Skip to content
BY-NC-ND 3.0 license Open Access Published by De Gruyter Open Access June 3, 2015

Ahimsā and its Ambiguities: Reading the story of Buddha and Aṅgulimāla

  • John Thompson
From the journal Open Theology


This paper focuses on the story of the Buddha’s encounter with Angulimāla, a vicious brigand who, subdued by the Buddha, renounces his outlaw ways for the monastic life, eventually attaining arahant status. The tale of Angulimāla has proven quite popular in Buddhist history and is often cited as evidence of how under the Dhamma no one is beyond salvation. Yet this story poses problems for our understanding and as such, has been repeatedly (sometimes radically) re-interpreted over the years. Taking my cue from literary theorists, I maintain that these retellings encourage us to read the story in its various incarnations as an on-going narrative struggle with issues surrounding violence, suggesting a fundamental ambivalence towards violence (and the much-touted virtue of ahiṃsā). Such struggles become even clearer when we compare Aṅgulimāla to another storied Buddhist figure, Asoka Maurya. While perhaps discomforting to those seeking for those seeking a Buddhist basis for rejecting violence, it may be that embracing such ambivalence points towards a more realistic ethic for our world.


“Aṅgulimāla: The Buddhist Prison Chaplaincy.” Accessed October 10, 2014, Search in Google Scholar

Armstrong, Karen. Fields of Blood: Religion and the History of Violence. New York: Alfred A. Knopf, 2014. Search in Google Scholar

Asma, Stephen T. Why I am a Buddhist: No-Nonsense Buddhism with Red Meat and Whiskey. Charlottesville: Hampton Roads Publishing Company, 2010. Search in Google Scholar

Bangkok Post. “Movie Based on Buddhist Teachings needs New Title.” April 2, 2003. Search in Google Scholar

Bareau, Andre. “Le Bouddha et les rois.” Bulletin de l’Ecole Francaise d’Extreme-Orient, 80:1 (1993), 15-39. 10.3406/befeo.1993.2187Search in Google Scholar

Beal, Samuel, trans. The Life of Hiuen-Tsiang. Reprint edition. New Delhi: Munshiram Manoharial Publishers Pvt. Ltd., 2003. Search in Google Scholar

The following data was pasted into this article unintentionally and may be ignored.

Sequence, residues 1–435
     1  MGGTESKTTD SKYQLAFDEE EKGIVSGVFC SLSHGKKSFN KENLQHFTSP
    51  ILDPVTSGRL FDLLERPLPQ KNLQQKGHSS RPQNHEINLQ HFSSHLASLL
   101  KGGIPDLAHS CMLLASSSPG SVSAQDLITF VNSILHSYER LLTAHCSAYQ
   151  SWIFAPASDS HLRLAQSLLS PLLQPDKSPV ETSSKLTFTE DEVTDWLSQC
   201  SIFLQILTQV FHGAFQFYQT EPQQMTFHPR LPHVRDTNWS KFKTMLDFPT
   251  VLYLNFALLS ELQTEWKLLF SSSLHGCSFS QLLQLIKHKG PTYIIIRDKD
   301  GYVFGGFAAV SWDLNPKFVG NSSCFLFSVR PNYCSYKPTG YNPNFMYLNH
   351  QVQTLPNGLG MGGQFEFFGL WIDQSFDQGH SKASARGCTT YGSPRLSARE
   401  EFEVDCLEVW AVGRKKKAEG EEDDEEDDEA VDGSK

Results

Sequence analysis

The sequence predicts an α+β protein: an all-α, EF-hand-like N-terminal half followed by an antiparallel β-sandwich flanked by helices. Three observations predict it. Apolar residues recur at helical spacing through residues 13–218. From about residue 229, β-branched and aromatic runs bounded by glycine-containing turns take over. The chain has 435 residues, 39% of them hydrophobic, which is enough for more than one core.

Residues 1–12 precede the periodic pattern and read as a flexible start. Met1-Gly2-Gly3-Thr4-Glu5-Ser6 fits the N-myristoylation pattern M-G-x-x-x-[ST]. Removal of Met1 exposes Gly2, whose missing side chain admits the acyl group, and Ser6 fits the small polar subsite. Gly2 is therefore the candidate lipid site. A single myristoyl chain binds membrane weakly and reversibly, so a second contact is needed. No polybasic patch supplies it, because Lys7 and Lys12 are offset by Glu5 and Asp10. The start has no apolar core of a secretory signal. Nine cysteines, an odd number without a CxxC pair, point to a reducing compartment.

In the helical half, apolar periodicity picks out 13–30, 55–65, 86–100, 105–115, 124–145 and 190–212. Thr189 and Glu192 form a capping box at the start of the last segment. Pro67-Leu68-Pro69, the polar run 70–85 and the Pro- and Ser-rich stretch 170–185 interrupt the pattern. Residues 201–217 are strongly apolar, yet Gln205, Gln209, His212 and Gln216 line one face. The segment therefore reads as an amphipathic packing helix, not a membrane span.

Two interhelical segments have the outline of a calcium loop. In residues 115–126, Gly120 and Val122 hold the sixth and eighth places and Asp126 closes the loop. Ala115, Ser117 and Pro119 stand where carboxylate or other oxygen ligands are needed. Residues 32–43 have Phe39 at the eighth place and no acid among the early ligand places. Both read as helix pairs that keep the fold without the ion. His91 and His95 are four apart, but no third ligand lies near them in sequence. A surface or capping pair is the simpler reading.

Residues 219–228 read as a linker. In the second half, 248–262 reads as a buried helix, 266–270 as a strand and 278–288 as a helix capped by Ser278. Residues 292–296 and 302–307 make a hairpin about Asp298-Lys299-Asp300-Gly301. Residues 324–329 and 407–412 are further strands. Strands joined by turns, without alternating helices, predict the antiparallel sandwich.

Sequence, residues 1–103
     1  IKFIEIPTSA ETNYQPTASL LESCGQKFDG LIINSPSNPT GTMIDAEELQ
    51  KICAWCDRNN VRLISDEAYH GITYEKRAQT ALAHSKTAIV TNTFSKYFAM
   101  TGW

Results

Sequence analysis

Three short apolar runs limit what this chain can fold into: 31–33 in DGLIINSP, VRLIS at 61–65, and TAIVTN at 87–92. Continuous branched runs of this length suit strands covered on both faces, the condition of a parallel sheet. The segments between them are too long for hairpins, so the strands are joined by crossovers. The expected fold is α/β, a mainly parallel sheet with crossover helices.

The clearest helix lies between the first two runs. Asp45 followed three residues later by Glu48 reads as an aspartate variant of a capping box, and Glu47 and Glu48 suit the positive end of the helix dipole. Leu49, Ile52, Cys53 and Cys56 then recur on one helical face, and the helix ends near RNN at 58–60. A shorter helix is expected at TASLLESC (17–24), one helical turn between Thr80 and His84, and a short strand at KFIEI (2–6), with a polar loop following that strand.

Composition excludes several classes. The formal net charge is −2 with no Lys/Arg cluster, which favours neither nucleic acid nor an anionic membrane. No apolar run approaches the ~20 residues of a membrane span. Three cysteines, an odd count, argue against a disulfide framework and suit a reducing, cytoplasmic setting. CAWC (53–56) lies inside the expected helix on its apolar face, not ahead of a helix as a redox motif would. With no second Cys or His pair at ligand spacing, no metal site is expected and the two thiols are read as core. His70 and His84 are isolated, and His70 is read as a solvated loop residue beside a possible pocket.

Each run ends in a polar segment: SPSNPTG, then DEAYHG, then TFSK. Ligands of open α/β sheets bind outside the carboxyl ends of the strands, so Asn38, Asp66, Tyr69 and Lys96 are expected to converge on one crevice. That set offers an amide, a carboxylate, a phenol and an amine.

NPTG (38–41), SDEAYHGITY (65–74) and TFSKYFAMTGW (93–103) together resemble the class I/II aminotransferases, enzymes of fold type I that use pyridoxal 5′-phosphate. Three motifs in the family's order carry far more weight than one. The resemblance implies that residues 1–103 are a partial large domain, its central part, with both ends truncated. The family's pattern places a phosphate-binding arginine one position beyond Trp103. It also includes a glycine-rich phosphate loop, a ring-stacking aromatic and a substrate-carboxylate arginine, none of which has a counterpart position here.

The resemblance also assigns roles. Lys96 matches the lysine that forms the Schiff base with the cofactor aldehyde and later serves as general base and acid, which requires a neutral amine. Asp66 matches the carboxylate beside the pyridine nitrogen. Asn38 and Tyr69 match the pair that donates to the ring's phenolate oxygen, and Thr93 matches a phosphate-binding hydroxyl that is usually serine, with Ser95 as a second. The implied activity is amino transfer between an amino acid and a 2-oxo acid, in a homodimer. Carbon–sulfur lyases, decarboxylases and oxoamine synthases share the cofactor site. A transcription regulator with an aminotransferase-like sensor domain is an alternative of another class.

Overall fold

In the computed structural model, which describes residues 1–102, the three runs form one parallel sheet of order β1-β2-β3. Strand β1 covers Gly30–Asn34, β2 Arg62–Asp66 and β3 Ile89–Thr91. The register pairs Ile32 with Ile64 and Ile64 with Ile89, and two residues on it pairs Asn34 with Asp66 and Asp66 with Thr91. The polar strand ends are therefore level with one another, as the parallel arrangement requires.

Bruner, Jerome. “The Narrative Construction of Reality.” Critical Inquiry, 18:1 (1991), 1-21. 10.1086/448619Search in Google Scholar

Campbell, Joseph. The Hero with a Thousand Faces. Princeton: Princeton University Press, 1959. Search in Google Scholar

Carroll, James. Jerusalem, Jerusalem: How the Ancient City Ignited our Modern World. New York: Houghton Mifflin Harcourt Publishing Company, 2011. Search in Google Scholar

Dalton, Jacob P. The Taming of Demons: Violence and Liberation in Tibetan Buddhism. New Haven: Yale University Press, 2011. Search in Google Scholar

Derry, Ken. “Believing is Seeing: Teaching Religion and Violence in Film.” In Teaching Religion and Violence, edited by Brian K. Pennington, 185-217. New York/Oxford: Oxford University Press, Inc., 2012. Search in Google Scholar

Drekmeier, Charles. Kingship and Community in Early India. Stanford: Stanford University Press, 1962. Search in Google Scholar

Fisher, Walter R. Human Communication as Narration: Towards a Philosophy of Reason, Value and Action. Columbia, SC: The University of South Carolina Press, 1989. Search in Google Scholar

Geiger, Wilhelm, trans. The Mahāvaṃsa or Great Chronicle of Ceylon. London: Pali Text Society, 1980. Search in Google Scholar

Gombrich, Richard F. “Who was Aṅgulimāla?” In How Buddhism Began: The Conditioned Genesis of the Early Teachings, by Richard F. Gombrich, 135-164. London & Atlantic Highlands, NJ: The Athlone Press, 1996. Search in Google Scholar

Gross, Rita M. “Historical consciousness and traditional Buddhist narratives.” International Journal of Dharma Studies 2013, 1:5. Accessed January 15, 2015, 10.1186/2196-8802-1-5Search in Google Scholar

Harvey, Peter. An Introduction to Buddhism: Teachings, History and Practices. Cambridge: Cambridge University Press, 1994.Hecker, Hellmuth. “Angulimala: A Murderer’s Road to Sainthood.” The Wheel, No. 312. Kandy: Buddhist Publication Society, 1979. Available from Access to Insight, 2007-2012.Accessed June 6, 2012, Search in Google Scholar

Houben, Jan E. M., and Karel R. Van Kooj. Violence Denied: Violence, Non-Violence and the Rationalization of Violence in South Asian Cultural History. Boston, Leiden, Cologne: E. J. Brill, 1999. Search in Google Scholar